Thomas was born at Kempen in the duchy of Cleves in Germany around 1380. He was educated by a religious order called the Brethren of the Common Life, and in due course joined the order, was ordained a priest, and became sub-prior of his house, where he died in 1471.
He is known especially for composing or compiling his manual of spiritual advice, The Imitation of Christ, in which he urges the reader to seek to follow the example of Jesus Christ and to be conformed in all things to his will. Although he was never declared a saint, his writing has served as a inspiration to millions of Christians.
Thomas à Kempis was born in Kempen, Germany, 40 miles northwest of Cologne, in 1380. He died near Zwolle (52 miles east-north-east of Amsterdam) in 1471. His paternal name was Hemerken or Hämmerlein, meaning "little hammer."
In 1395, he was sent to the school at Deventer conducted by the Brethren of the Common Life. He became skillful as a copyist and was thus able to support himself. Later he was admitted to the Augustinian convent of Mount Saint Agnes near Zwolle, where his brother John had been before him and had risen to the office of prior. Thomas received priest's orders in 1413 and was made subprior in 1429.
The house was disturbed for a time in consequence of the pope's rejection of the bishop-elect of Utrecht, Rudolph of Diepholt. Otherwise, Thomas' life was a quiet one, his time being spent between devotional exercises, composition, and copying. He copied the Bible no less than four times, one of the copies being preserved at Darmstadt in five volumes. He was widely read in the Bible's teachings, and his works abound in biblical quotations, especially from the New Testament.
Thomas belonged to the school of mystics who were scattered along the Rhine from Switzerland to Strasburg and Cologne, and in the Netherlands. He was especially influenced by Geert Groote and Florentius Radewijns, the founders of the Brethren of the Common Life.
His writings are all of a devotional character and include tracts and meditations, letters, sermons, a life of Saint Lydewigis (a Christian woman who remained steadfast under a great stress of afflictions), and biographies of Groote, Radewijns, and nine of their companions. Works similar in content to the Imitation of Christ include his prolonged meditation on the life and blessings of the Savior and another on the Incarnation. Both of these works overflow with adoration for Christ.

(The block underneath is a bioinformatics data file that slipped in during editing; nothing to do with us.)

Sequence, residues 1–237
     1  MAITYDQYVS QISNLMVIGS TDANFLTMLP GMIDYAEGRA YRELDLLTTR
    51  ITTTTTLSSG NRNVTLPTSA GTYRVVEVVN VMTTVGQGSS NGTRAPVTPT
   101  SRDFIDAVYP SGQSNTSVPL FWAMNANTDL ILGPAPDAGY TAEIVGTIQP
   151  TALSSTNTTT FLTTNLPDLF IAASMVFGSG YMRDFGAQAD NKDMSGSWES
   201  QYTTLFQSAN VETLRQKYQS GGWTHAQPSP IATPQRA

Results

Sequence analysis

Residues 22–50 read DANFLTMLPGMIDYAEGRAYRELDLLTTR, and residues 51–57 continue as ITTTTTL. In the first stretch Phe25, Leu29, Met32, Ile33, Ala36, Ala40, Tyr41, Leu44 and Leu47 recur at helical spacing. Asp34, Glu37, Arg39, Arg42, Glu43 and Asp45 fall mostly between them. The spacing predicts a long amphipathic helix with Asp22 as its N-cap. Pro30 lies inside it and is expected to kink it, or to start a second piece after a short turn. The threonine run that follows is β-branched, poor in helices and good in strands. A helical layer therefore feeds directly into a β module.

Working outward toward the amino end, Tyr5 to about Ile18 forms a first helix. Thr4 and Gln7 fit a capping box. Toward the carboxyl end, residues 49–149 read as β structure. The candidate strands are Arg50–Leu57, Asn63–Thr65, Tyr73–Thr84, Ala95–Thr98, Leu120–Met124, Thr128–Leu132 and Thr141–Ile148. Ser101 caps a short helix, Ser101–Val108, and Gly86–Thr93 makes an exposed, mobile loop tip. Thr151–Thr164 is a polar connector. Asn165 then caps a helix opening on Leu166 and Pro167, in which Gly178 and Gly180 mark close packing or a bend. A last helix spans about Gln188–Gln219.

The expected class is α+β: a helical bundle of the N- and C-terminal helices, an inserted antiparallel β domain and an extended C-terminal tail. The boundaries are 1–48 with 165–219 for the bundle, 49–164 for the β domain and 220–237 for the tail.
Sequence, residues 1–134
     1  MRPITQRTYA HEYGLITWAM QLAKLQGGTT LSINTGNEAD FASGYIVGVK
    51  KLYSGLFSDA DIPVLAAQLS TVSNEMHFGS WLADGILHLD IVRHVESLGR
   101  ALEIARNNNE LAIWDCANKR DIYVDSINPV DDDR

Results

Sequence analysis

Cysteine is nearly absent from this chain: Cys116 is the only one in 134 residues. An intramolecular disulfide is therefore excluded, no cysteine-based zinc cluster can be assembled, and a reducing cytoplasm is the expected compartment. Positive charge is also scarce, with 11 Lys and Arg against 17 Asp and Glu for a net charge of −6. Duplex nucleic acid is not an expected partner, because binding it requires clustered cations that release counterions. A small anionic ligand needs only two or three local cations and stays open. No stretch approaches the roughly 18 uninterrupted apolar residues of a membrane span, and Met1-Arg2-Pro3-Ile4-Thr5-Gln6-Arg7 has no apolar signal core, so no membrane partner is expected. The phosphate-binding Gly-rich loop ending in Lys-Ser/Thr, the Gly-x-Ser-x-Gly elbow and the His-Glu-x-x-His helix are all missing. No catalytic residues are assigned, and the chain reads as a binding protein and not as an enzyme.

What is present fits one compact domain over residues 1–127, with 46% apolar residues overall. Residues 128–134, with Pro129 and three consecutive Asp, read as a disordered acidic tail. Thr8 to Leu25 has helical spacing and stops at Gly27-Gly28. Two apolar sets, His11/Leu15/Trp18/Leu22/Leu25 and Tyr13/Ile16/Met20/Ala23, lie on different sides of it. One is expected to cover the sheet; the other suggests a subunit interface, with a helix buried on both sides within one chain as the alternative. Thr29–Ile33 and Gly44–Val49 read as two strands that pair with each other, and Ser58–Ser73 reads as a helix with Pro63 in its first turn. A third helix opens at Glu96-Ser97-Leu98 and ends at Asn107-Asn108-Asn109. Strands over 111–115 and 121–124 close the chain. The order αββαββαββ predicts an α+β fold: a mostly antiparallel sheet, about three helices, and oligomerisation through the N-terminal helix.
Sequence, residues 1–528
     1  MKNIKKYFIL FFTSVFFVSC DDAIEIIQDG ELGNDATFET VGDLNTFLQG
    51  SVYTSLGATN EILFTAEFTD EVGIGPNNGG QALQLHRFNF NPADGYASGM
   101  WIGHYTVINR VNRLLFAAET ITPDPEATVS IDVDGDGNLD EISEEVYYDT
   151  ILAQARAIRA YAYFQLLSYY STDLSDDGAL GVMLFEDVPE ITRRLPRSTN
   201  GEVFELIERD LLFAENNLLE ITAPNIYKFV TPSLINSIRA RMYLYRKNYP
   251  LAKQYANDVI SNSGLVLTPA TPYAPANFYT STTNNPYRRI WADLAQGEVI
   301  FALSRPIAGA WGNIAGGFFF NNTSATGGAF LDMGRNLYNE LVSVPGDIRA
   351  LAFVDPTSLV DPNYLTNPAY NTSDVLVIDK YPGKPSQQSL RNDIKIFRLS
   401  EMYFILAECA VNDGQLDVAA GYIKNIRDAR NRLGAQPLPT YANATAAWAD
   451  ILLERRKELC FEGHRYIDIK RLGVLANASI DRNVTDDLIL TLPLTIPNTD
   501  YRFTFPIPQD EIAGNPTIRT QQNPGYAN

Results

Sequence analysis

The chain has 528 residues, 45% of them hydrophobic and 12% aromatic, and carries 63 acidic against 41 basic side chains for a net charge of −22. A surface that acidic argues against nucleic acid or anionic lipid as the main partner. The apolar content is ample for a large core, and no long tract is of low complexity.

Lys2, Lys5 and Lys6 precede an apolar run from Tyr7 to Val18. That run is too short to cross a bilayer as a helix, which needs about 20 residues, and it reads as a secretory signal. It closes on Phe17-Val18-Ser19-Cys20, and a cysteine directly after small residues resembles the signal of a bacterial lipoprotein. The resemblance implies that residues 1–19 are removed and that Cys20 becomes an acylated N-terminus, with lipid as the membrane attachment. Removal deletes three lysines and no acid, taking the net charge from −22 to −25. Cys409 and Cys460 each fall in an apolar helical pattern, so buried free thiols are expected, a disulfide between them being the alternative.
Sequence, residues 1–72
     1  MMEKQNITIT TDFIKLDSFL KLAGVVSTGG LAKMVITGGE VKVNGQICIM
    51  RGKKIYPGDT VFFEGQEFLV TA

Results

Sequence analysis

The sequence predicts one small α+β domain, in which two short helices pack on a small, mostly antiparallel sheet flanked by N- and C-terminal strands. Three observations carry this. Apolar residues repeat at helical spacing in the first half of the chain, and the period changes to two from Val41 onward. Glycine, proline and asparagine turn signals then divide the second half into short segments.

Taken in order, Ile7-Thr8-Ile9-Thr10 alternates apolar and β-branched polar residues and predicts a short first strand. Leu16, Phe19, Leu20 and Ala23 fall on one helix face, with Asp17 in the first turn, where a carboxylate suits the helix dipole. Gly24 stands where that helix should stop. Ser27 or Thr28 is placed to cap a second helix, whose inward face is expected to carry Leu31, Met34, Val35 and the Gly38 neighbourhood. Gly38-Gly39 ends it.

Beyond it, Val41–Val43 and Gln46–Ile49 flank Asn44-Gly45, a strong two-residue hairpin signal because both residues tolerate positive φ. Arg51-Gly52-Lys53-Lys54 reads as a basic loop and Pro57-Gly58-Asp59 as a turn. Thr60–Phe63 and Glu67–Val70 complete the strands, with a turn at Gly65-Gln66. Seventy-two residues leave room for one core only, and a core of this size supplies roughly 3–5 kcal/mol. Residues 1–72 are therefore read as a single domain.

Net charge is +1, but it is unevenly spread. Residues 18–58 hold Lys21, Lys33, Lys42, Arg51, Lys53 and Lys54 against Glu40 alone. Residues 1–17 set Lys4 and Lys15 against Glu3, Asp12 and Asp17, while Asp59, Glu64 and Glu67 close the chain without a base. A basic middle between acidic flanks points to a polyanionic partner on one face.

Thomas' works are abound in quotations of the New Testament. Under an old picture, which is represented as his portrait, are the words, "In all things I sought quiet, and found it not save in retirement and in books." The words fit well the author of the famous Imitation of Christ, as the world thinks of him.
Imitation of Christ is a writing of the mystical German-Dutch school of the fourteenth and fifteenth centuries. It is a widely read Christian spiritual book. The book was first published anonymously, in Latin, ca. 1418; several other authors have been proposed, but Kempis's authorship is now generally accepted.
Together with the Confessions of Augustine and John Bunyan's Pilgrim's Progress, the Imitation of Christ occupies a front rank among manuals of Christian devotion. Protestants and Roman Catholics alike join in appreciating it. The Jesuits give it an official place among their "exercises." John Wesley and John Newton listed it among the works that influenced them at their conversion. General Charles George Gordon carried it with him to the battlefield.
|“||At the Day of Judgment we shall not be asked what we have read but what we have done; not how well we have spoken, but how holy we have lived.—Imitation of Christ: Book I, ch. 3||”|
The number of counted editions exceeds 2,000, with 1,000 different editions preserved in the British Museum alone. The Bullingen collection, donated to the city of Cologne in 1838, contained, at the time, 400 different editions. Some 545 Latin and about 900 French editions are known to exist.